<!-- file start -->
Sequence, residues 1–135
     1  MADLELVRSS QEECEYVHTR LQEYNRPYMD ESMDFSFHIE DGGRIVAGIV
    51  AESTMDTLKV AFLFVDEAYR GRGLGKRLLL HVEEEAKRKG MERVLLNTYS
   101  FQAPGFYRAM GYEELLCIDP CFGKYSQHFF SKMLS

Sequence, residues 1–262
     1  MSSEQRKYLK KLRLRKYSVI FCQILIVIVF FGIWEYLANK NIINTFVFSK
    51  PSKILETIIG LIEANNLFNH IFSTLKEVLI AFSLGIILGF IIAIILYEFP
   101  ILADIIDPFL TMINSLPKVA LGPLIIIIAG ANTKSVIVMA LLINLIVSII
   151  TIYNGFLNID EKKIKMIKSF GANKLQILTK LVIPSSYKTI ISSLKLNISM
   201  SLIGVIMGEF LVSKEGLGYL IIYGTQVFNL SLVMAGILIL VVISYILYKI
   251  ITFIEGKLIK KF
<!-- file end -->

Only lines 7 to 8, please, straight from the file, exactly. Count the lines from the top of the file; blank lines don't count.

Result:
    51  PSKILETIIG LIEANNLFNH IFSTLKEVLI AFSLGIILGF IIAIILYEFP
   101  ILADIIDPFL TMINSLPKVA LGPLIIIIAG ANTKSVIVMA LLINLIVSII